Companies are seeing up to 15% productivity losses and a deficit of USD12,000 per employee each year due to outdated travel management, according to a study by Kickstand Communications commissioned by “agile” travel management company Lola.com. It also found that inflexible tools, opaque processes, and lack of on-demand support mean almost half (44%) employees are thinking of quitting and just over half (55%) are seeing a negative impact on their productivity.
The Cost of Doing Business Travel research, questioning 1,300 corporate travellers and travel arrangers, found that the up to USD12,000 per year per traveller cost is being wasted on travel-related admin tasks and found strong correlation between business travel and business success.
More than nine in ten respondents believed travel is important for helping win new business, keeping customers happy and meeting with partners (93%), with around eight in ten saying the same for meeting with investors and recruiting and retaining top talent. It highlights that business travel management “needs an immediate rethink,” according to Lola.com.
Despite its importance, Mike Volpe, CEO of Lola.com, says companies are failing their employees with a lack of tools and support, and these inefficiencies “are costing big time and money”. In some cases, he says, it is also making it difficult to retain their most valuable talents.
Major gripes from the 714 frequent US-based business travellers surveyed included outdated policies and poor tool design and that pushed almost two thirds (64%) to use consumer sites for their business travel management. The same percentage also felt that they were wasting time, while 55% saw a negative impact on job productivity.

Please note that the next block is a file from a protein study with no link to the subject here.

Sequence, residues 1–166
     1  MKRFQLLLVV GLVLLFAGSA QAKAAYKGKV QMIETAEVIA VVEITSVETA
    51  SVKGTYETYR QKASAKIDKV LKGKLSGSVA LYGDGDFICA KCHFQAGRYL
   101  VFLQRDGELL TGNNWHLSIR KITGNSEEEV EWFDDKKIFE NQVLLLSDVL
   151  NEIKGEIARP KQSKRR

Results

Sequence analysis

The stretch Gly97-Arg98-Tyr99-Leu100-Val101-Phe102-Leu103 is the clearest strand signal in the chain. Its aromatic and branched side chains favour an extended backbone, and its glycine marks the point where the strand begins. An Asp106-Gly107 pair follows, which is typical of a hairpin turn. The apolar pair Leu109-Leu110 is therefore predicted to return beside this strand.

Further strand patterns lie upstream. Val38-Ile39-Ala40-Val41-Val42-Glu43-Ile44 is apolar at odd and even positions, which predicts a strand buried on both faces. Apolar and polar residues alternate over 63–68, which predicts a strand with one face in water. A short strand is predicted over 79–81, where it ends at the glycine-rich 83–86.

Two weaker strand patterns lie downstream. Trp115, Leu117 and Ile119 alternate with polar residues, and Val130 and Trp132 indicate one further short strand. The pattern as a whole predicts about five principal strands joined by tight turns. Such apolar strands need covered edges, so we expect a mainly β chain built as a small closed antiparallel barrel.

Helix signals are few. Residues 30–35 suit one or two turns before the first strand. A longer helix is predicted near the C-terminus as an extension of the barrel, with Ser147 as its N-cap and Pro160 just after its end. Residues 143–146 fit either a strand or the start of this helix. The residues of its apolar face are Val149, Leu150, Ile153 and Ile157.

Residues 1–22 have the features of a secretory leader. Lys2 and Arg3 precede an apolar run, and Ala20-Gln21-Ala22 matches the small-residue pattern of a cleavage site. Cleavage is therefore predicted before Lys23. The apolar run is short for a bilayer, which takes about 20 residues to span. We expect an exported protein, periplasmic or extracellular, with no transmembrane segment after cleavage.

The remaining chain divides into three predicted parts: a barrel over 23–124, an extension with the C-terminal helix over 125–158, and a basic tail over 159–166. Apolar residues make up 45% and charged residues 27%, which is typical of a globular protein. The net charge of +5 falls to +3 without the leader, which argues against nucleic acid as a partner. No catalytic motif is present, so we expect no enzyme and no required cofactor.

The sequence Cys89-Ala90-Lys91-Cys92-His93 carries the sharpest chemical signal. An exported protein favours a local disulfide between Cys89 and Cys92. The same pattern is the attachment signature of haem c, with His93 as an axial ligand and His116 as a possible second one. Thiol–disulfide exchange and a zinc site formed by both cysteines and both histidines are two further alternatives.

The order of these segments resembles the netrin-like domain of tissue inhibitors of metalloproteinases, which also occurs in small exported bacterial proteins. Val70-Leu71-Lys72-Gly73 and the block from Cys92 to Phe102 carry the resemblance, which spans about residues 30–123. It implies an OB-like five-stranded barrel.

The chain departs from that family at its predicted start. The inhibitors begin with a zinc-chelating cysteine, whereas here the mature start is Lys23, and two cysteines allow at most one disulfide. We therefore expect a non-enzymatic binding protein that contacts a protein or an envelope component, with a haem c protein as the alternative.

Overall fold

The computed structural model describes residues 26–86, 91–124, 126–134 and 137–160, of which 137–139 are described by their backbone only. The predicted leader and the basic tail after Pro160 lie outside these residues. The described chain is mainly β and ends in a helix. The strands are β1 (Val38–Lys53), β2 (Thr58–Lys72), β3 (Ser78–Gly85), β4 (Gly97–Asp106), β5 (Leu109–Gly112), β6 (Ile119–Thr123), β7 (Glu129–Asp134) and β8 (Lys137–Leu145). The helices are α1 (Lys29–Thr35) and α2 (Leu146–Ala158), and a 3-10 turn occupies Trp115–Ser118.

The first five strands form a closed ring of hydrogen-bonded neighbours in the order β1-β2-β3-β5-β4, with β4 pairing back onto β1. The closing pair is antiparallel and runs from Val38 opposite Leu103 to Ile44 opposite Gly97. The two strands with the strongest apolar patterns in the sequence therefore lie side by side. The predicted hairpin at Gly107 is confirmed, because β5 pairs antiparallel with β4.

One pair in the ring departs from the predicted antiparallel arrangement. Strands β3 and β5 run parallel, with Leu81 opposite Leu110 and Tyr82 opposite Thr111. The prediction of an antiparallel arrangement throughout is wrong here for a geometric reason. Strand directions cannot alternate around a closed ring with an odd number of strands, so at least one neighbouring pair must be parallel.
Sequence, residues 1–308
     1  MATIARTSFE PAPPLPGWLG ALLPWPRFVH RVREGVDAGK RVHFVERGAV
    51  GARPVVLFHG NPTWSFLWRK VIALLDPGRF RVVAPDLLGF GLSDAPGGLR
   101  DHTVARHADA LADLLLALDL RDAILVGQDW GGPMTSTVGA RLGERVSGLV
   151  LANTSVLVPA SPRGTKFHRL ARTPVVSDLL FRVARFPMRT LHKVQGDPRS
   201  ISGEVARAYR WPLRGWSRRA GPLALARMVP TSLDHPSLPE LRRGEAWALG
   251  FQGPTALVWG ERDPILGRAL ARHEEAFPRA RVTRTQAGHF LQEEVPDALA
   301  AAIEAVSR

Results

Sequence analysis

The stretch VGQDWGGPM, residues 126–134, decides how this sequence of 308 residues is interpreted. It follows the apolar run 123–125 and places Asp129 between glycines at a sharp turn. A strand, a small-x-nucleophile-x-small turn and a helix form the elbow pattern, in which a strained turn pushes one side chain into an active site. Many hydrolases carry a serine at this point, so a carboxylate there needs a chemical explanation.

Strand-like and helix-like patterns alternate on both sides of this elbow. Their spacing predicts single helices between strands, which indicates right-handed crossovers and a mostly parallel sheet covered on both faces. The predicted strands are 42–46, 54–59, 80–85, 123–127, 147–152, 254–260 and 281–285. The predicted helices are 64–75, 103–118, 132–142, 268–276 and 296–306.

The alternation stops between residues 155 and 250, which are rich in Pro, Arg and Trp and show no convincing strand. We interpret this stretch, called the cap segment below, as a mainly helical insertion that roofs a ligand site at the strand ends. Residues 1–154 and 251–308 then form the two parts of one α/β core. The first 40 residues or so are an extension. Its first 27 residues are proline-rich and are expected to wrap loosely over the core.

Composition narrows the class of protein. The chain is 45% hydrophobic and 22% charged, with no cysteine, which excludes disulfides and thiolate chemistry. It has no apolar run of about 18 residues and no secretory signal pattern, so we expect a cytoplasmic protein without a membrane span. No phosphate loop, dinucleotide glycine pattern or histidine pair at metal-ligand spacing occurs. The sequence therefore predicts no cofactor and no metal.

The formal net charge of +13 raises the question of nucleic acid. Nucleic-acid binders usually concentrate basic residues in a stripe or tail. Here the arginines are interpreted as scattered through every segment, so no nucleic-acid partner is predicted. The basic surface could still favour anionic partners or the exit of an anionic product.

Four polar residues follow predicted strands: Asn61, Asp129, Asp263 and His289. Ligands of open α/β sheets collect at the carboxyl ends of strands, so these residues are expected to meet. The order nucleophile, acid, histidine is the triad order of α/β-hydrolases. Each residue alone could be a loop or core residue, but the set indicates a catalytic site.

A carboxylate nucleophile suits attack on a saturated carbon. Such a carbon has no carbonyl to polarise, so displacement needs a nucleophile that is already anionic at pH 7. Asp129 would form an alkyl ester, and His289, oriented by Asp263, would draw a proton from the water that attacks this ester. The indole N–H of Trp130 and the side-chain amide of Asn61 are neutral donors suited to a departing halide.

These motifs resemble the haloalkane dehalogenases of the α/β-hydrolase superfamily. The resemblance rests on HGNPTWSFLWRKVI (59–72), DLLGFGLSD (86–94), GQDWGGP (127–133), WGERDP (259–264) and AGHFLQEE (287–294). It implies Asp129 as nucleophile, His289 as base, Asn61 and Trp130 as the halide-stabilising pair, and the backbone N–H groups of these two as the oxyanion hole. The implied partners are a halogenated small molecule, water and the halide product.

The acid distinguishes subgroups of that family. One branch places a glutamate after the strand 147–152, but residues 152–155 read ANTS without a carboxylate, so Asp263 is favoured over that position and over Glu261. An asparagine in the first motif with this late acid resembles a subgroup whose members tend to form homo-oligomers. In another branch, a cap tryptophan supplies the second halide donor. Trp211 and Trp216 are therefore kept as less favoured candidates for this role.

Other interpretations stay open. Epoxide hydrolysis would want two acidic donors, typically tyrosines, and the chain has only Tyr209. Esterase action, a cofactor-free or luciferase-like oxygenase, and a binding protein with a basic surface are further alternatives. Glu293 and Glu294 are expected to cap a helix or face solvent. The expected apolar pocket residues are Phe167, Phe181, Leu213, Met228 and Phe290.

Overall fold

Meanwhile, the 619 travel arrangers surveyed said the problem lies with no single platform and support. Half of them (49%) said their companies did not provide any tools. Two in five (39%) noted that the tools lacked support, so almost two-thirds (64%) relied on spreadsheets and documents for travel management.
More than half of business travellers (53%) felt their company’s approach is wasting money. Half of them (50%) saw it affecting bottom lines. More than two-thirds (67%) of travel arrangers also shared similar conclusions.
The impact was most significant at small and mid-sized companies. While 70% said travel management influenced job satisfaction, 14% more agreed among these businesses. More than half (59%) said related inefficiencies made them “less happy,” with 12% more at the small and mid-sized businesses saying the same. Further, 44% indicated that they might even look for other jobs with the number increasing by a significant 29% among small and mid-sized companies.
As you would expect from research it has commissioned, Lola.com says the findings underscores its approach to business travel management, offering a single method for both business travellers and travel arrangers. But still, the findings on lost productivity are compelling.
The vast majority of survey respondents said that they are wasting valuable time booking their own travel or going back and forth with an external travel agent, spending 12 hours on average per trip researching, booking, adjusting, cancelling and expense reporting. With an average of nine trips per year, that’s 108 hours spent on travel booking per year.
Unsurprisingly, travellers who spend this much time booking their own travel are not very happy about the situation, an issue that is understandably more prevalent with small and mid-sized companies – 64% agree the approach to business travel wastes time; 55% say it negatively impacts their job productivity; 81% like having control of their bookings; but 70% say time could be better spent in other higher value, more strategic areas of the business.
It turns out that self-booking corporate travellers aren’t the only ones wasting time with employees who have an external travel agent booking travel on their behalf also spending a significant amount of time managing their bookings. They spend an average of nine hours per trip spent communicating with a travel booker and expense reporting. That is a third fewer hours than those who book for themselves, but still equates to 81 hours spent on travel booking per year.
While this highlights that having a middle man booking on their behalf saves some time for travellers, is suggests they are still not satisfied with how much time and energy it does take up. And travellers aren’t the only people wasting time booking corporate travel – internal travel arrangers (such as executive assistants and office managers) are also spending a surprisingly high amount of time booking, managing and tracking employee travel.